Say What You Need to Say

by My Web Writers

Words are the bedrock of communication, but too many of them is a bad thing. John Mayer’s song, “Say,” although not sung as an anthem against wordiness, has it right when he sings “say what you need to say.” When writing, be succinct, get to the point, say what you need to say, and move on. Consider the following tips to avoid the kind of wordiness that impedes accurate communication of your message to your reader.

1. Identify the message you wish to communicate. If you are not sure of what you are trying to say then, regardless of the content’s length, you ultimately will say nothing. You must also take into consideration your audience. If you have an international audience, avoid idiomatic expressions. If you have a technical message, use active voice.

2. Be alert when you write. Fatigue clouds your thoughts causing you to ramble on with no clear central theme. Clarity of thought allows you to say what you want to say and to know how you want to say it.

3. Avoid the use of phrasal verbs. A phrasal verb is a verb that, when combined with a preposition or an adverb, has a different meaning.
The rash showed up last night.
Replace the phrasal verb with a single verb equivalent and you have eliminated some wordiness. In this example, rewrite the sentence as:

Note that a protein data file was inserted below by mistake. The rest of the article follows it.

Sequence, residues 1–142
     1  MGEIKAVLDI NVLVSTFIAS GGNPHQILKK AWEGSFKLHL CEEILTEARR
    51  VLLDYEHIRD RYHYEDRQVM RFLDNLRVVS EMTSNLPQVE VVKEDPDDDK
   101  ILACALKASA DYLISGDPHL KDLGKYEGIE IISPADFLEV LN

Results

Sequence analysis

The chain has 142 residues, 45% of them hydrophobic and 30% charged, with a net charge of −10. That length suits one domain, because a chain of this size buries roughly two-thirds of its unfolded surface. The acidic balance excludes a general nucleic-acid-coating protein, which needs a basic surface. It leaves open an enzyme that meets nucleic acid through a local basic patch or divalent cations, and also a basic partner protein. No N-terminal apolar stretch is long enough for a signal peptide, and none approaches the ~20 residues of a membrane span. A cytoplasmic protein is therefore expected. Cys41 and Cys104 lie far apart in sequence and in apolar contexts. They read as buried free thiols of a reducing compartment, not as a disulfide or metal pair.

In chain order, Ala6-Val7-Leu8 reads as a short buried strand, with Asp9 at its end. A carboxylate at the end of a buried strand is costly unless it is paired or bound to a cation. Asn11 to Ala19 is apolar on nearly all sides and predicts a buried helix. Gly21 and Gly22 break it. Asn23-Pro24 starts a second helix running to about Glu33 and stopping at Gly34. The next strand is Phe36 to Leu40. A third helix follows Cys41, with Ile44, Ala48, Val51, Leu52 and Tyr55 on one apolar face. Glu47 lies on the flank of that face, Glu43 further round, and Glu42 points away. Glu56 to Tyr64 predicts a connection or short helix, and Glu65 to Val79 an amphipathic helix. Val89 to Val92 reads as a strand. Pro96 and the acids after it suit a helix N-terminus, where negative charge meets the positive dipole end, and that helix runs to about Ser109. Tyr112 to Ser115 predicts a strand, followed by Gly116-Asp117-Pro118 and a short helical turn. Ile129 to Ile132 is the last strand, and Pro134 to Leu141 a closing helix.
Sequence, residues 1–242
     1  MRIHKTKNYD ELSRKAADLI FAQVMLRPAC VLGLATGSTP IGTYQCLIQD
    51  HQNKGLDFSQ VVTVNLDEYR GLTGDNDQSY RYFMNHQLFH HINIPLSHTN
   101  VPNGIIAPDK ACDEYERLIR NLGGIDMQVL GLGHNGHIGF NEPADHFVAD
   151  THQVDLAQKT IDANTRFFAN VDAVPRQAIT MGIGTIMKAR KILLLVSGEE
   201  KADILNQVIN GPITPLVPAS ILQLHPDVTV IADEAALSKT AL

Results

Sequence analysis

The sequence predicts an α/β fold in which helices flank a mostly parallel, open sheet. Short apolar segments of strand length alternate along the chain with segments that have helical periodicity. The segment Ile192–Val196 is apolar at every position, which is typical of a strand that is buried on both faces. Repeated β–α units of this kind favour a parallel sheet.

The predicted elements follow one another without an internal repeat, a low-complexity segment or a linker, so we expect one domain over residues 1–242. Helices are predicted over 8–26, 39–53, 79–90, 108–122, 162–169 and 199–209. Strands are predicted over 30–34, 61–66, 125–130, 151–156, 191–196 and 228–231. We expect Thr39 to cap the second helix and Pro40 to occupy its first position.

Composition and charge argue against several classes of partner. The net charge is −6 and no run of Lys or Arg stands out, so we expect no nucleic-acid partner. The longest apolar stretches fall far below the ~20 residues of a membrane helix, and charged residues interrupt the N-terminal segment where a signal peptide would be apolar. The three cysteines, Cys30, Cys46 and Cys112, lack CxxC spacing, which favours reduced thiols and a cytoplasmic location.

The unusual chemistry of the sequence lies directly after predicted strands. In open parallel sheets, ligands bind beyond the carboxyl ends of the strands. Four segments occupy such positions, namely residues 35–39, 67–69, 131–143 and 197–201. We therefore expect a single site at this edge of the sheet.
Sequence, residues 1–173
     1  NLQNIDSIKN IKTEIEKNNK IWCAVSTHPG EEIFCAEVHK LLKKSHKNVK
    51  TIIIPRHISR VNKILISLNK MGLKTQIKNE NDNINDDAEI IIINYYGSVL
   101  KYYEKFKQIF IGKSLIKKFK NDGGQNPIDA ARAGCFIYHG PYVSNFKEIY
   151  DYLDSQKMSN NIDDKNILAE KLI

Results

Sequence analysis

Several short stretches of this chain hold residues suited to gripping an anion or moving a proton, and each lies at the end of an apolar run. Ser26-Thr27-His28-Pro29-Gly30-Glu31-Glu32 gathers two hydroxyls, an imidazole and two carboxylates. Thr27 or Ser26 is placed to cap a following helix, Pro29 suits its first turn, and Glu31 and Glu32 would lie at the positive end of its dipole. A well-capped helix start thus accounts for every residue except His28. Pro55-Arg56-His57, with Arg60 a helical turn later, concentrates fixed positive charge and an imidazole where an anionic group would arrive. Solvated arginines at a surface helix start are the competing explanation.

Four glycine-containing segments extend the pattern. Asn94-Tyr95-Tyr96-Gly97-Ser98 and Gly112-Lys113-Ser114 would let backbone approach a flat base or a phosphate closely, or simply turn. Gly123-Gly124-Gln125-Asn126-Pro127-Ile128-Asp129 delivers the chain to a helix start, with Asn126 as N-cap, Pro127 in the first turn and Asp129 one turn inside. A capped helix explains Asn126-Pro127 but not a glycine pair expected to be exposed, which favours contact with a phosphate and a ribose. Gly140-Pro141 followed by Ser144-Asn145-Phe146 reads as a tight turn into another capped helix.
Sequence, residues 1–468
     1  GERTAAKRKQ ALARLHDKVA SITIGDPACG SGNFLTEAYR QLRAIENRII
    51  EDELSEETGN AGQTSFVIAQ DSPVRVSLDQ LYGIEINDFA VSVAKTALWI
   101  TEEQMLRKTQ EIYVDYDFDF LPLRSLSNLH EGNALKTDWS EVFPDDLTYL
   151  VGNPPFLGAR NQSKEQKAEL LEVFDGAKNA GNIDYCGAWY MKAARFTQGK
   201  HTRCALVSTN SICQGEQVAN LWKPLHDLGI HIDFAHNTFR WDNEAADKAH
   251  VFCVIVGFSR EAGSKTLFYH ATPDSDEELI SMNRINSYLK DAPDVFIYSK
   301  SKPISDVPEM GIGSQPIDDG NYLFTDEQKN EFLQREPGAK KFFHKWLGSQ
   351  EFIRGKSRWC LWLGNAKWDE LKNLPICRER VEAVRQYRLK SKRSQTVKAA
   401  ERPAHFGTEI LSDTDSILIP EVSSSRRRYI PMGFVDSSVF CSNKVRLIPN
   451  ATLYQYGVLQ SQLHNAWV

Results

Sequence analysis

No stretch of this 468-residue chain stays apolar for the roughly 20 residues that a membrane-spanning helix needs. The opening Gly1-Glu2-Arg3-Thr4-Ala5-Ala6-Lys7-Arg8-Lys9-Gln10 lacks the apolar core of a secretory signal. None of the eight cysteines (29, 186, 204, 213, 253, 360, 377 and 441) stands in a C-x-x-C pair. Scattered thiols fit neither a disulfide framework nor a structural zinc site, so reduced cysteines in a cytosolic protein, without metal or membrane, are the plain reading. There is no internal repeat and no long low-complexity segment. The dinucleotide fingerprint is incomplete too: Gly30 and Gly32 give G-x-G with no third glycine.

The rash appeared last night.

4. Eliminate redundancy in your expressions. In English, we have a tendency to add unnecessary words in an attempt to emphasize a thought or an idea. Consider the following examples:
I am completely exhausted.
He filled his tank to the very top.
“Exhausted” means entirely used up, so “completely” is unnecessary. Likewise, “filled” means that all of a container’s space is occupied, so “to the very top” is conceptually repetitive.

5. Combine two sentences of similar content into one by omitting the repetitive part from the second sentence. For example:
The professor delighted in teaching his students. His students were studious, responsible, and focused.
By identifying the overlap in the word “students,” the two sentences can be combined into a concise, single sentence:
The professor delighted in teaching his studious, responsible, and focused students.

6. Use strong verbs that do not require additional words.
The tenant submitted a request to have the air conditioner repaired.
By replacing “submitted a request” with the strong verb “requested” the sentence is shorter, easier to read, and to the point.
The tenant requested to have the air conditioner repaired.

The ultimate purpose in writing anything is effective communication of a message to the reader. Wordiness compromises this objective by either taking too much of the reader’s time, or by leaving the reader confused. Overcome the ills of verbosity with these tips and, as John Mayer advocates, you say what you need to say.



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Filed under Revising & Proofreading, The Writing Process

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